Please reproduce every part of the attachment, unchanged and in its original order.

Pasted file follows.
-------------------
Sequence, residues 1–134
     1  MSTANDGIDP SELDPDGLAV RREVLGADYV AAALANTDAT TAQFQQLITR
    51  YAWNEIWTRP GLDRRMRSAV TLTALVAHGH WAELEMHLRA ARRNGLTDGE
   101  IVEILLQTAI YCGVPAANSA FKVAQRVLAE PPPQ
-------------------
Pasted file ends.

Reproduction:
Sequence, residues 1–134
     1  MSTANDGIDP SELDPDGLAV RREVLGADYV AAALANTDAT TAQFQQLITR
    51  YAWNEIWTRP GLDRRMRSAV TLTALVAHGH WAELEMHLRA ARRNGLTDGE
   101  IVEILLQTAI YCGVPAANSA FKVAQRVLAE PPPQ